Center for Equal Opportunity

The nation’s only conservative think tank devoted to issues of race and ethnicity.

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Disparate Impact Insanity

In case you missed it, on February 26 I had an op-ed in the Wall Street Journal titled “How Not To Fight Discrimination.”  Here it is:

Welcome to the era of "disparate impact."

The Obama administration this month issued regulations formally adopting the "disparate impact" approach to its enforcement of the Fair Housing Act, the 1968 law designed to protect buyers and renters from discrimination (racial and otherwise). This approach is increasingly becoming standard in housing and every area of the law.

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The (Illegitimate) Elephant in the Room

“Quid Pro Quota” is the apt title of an editorial this month in the Wall Street Journal (behind the paywall here). Here’s the story: Earlier this year, the Supreme Court was poised to hear oral arguments in the fully briefed Magner v. Gallagher, a case presenting the issue of whether a “disparate impact” cause of action may be brought under the Fair Housing Act.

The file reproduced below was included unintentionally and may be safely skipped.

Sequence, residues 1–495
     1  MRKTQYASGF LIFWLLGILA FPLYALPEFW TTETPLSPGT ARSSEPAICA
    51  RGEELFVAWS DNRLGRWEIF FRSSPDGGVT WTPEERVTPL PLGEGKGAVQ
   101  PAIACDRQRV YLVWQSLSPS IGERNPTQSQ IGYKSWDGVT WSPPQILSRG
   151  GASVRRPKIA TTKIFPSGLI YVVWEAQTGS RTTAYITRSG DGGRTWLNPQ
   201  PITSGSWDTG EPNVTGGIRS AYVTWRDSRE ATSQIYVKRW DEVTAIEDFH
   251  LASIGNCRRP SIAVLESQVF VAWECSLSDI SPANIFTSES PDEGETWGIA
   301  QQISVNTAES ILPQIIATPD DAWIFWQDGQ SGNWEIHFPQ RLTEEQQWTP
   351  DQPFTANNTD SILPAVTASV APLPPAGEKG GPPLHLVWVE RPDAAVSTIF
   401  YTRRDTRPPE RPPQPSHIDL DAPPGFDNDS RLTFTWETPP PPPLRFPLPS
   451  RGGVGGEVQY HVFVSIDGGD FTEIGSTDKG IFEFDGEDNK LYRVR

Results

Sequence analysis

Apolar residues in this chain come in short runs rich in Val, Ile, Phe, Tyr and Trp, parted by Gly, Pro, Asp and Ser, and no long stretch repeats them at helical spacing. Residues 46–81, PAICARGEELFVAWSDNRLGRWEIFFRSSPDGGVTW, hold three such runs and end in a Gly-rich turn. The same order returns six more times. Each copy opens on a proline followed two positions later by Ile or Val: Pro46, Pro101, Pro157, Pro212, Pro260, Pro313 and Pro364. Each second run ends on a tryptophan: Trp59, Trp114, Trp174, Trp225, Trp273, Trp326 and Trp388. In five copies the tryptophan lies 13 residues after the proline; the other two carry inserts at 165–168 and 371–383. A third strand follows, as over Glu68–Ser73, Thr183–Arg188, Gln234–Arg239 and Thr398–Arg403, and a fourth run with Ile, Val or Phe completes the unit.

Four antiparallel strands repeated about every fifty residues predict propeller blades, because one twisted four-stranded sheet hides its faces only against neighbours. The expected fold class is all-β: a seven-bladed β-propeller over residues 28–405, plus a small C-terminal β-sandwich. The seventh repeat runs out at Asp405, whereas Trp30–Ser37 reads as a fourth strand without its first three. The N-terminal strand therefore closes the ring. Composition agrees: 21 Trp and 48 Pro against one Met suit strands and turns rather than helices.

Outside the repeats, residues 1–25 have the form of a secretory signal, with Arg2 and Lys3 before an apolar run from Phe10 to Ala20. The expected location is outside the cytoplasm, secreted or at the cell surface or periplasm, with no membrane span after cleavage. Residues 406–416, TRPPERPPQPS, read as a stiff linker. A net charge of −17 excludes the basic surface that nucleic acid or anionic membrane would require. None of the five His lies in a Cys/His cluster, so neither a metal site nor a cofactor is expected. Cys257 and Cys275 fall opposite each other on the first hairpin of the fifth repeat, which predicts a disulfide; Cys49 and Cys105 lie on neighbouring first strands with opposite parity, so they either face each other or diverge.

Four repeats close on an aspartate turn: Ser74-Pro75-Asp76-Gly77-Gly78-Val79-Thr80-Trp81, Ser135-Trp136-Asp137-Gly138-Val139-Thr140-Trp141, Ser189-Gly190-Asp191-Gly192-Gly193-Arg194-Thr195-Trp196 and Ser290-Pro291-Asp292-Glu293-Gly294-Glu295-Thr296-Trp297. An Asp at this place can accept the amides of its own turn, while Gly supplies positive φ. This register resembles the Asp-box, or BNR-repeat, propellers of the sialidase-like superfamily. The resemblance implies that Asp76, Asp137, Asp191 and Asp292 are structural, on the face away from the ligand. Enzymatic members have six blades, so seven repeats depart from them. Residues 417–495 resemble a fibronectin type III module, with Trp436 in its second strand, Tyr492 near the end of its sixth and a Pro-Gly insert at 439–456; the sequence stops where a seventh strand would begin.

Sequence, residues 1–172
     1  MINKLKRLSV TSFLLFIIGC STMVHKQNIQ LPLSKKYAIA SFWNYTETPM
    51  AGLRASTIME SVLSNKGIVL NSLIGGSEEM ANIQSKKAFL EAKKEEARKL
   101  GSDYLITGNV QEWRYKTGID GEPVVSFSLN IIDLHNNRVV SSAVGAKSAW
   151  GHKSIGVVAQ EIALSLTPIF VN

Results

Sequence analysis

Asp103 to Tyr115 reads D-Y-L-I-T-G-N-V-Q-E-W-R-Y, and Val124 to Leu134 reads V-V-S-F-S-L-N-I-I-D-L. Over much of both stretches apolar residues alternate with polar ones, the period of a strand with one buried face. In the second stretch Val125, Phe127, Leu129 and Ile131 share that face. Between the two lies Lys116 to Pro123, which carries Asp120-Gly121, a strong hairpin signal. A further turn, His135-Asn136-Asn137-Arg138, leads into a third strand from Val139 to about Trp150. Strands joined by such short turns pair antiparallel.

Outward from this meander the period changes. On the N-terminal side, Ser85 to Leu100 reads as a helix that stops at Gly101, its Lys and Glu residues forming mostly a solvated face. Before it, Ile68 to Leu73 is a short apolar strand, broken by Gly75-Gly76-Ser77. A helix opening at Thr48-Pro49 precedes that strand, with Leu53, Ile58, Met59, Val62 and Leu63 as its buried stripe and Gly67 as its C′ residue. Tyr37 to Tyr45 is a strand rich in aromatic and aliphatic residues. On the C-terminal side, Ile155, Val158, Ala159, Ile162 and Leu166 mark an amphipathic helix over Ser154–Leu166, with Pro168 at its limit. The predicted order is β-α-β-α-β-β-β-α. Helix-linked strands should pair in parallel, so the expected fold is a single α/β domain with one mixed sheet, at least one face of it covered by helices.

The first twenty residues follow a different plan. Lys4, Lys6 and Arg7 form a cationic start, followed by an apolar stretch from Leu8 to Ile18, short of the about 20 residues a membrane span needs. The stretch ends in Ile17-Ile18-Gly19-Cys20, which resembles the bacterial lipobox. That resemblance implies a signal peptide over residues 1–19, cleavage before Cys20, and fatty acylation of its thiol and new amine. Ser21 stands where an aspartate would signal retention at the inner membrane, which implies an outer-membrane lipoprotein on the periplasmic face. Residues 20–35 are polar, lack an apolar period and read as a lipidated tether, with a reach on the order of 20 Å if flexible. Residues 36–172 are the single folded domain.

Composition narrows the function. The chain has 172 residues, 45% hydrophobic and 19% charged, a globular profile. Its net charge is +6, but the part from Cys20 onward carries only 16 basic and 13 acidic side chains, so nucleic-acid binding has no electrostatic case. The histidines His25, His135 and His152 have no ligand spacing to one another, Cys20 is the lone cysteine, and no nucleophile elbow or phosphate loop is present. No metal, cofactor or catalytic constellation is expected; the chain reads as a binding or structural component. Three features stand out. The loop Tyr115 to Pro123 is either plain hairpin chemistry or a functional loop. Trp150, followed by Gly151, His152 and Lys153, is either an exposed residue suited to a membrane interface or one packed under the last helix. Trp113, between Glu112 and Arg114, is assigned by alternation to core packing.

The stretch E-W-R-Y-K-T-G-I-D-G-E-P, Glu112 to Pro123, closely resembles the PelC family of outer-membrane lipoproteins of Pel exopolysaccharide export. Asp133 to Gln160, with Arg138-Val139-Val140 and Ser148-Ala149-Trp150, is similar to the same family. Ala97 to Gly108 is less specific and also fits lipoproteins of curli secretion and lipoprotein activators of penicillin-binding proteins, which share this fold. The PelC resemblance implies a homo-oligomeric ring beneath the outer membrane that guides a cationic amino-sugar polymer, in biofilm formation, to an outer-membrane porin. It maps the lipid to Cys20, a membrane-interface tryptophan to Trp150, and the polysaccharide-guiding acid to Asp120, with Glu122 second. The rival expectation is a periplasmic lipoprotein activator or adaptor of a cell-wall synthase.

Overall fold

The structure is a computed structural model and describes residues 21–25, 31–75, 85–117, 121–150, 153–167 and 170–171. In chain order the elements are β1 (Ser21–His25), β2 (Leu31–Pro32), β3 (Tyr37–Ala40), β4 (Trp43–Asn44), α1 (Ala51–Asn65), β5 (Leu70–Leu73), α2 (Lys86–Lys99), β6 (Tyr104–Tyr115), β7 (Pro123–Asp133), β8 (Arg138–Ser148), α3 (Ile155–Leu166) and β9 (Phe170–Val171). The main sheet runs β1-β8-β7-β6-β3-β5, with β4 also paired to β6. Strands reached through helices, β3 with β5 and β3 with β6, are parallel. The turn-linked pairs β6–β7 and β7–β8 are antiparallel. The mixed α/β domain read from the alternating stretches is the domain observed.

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Happy Thanksgiving, and more

First of all, a Happy Thanksgiving to you and yours from the Center for Equal Opportunity! We at CEO have much to be thankful for this year, and that certainly includes supporters like you.

One thing we would not put on our most-thankful-for list, however, is wacky interpretations of the civil-rights laws. Speaking of which …

The Supreme Court granted review earlier this month in Magner v. Gallagher, which presents the question whether a “disparate impact” cause of action can be brought under the Fair Housing Act. Such lawsuits would allow plaintiffs to challenge housing-related practices that lead to disproportionate racial or ethnic results, whether or not they have anything to do with actual discrimination. For example, a preference for tenants without criminal records could be attacked if this or that racial or ethnic group was more likely to have such a record. Many lower courts have recognized disparate-impact lawsuits, alas, but the Supreme Court has never resolved the issue.

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